“Strategy is a commodity, execution is an art.”

–        Peter Drucker

The past few months have not been kind to M&A driven growth strategies.  Pharmaceutical giant Pfizer, citing changes in U.S. Treasury Department guidance on tax inversions, has backed away from a proposed $160 billion deal for Allergan.  Cleantech company SunEdison stumbled into bankruptcy after the financial innovations that the company had been lauded for were revealed to be overly problematic.  Yahoo has been forced to acknowledge that the signature acquisition during CEO Marissa Mayer’s tenure, that of Tumblr for $1.1 billion, has not lived up to expectations.  And Pharmaceutical company Valeant has seen its M&A dependent, low R&D strategy unravel in a wave of accounting issues.

M&A is hard, and companies with considerable resources in terms of management, advisory talent, and capital still struggle to realize the promise of deals.  Why do they pursue them anyway?

In the simplest terms, M&A represents a siren song to frustrated stakeholders.  The natural constituency for M&A is imposing:

–  Leadership teams facing a moribund low-growth future

– Board members wrestling with a thorny strategic situation

– Advisors seeking a viable catalyst for change, on which to advise

And in opposition?  The challenging realities that serve as an undertow for all M&A transactions:

– Strategy.  M&A is a tactic, not a strategy.  Companies should resist the urge to simplify their strategy into “buy the competition and get bigger”.  M&A could very well play a part, sometimes a big part, in a comprehensive strategy, but absent that strategy M&A activity risks becoming undisciplined.

– Due Diligence.  The most effective guard against a value-destroying deal is to not enter into one.  Making the investment in due diligence to ensure that prospective acquisition candidates are as advertised, and ensuring that issues and challenges are understood at the outset, is vitally important.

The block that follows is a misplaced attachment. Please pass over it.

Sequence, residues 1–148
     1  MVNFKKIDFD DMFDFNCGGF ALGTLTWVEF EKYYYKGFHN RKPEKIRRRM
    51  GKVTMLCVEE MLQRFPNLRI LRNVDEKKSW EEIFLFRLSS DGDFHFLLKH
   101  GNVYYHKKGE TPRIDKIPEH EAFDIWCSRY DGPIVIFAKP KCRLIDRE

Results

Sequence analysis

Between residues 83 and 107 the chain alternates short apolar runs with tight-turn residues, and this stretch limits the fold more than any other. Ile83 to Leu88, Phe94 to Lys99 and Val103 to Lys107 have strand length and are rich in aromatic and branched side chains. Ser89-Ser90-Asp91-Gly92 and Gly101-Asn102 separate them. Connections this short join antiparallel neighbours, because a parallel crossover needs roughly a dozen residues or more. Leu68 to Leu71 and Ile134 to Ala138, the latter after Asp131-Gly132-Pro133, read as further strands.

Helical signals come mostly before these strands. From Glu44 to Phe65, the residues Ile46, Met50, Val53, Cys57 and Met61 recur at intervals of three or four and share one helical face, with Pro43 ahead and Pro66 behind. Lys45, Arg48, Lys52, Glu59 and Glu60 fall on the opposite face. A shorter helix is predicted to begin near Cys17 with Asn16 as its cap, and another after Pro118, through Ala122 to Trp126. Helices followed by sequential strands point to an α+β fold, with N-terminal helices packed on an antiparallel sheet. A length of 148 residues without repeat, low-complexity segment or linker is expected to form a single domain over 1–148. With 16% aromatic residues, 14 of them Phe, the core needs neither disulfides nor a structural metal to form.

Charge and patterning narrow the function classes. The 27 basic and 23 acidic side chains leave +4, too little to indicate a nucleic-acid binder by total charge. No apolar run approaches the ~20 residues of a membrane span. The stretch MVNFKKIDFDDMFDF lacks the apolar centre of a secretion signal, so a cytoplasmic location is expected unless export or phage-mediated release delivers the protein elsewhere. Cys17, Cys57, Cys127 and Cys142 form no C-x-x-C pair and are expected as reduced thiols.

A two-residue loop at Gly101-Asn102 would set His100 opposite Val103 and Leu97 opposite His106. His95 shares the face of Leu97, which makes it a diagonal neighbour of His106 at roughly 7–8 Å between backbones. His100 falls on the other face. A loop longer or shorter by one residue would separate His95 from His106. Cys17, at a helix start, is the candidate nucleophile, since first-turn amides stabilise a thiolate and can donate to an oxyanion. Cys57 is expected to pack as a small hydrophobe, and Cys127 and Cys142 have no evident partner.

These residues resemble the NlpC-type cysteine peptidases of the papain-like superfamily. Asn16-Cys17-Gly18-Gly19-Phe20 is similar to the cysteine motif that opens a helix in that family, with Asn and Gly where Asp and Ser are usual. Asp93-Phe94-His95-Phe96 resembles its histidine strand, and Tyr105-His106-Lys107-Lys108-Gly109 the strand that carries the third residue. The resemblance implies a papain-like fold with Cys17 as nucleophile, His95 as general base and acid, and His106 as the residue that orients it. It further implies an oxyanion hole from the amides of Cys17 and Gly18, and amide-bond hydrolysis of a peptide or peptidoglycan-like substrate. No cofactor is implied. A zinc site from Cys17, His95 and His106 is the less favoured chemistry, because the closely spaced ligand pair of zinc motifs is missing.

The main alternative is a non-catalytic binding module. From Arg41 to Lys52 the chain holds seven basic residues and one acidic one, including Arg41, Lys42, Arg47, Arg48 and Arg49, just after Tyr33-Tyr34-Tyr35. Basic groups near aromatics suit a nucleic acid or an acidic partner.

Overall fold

– Integration.  Potential is one thing, realizing that potential is quite another.  Too many companies assume that the hard part in M&A is the deal, and that integration will come easily.  Such is not the case.  Companies that succeed in M&A are companies that devote considerable resources to planning and integration.

Regardless of the mix of organic and transaction-driven growth a company targets, leadership teams and their advisors should always approach business from a standpoint of humility.  There is an unavoidable “fog of war” aspect to the competitive landscape, and every initiative carries with it a number of risks, both known and unknown.  In order to maximize the impact of M&A, companies need to invest heavily in pre-transaction due diligence and post-transaction integration.  Buying companies may be hard, but wringing value out of those companies is even harder.

About the Author:

David Johnson is an expert in enterprise value maximization and has served as interim manager or financial advisor on over $5 Billion of distressed middle market transactions.  He can be contacted at: or 312-505-7238.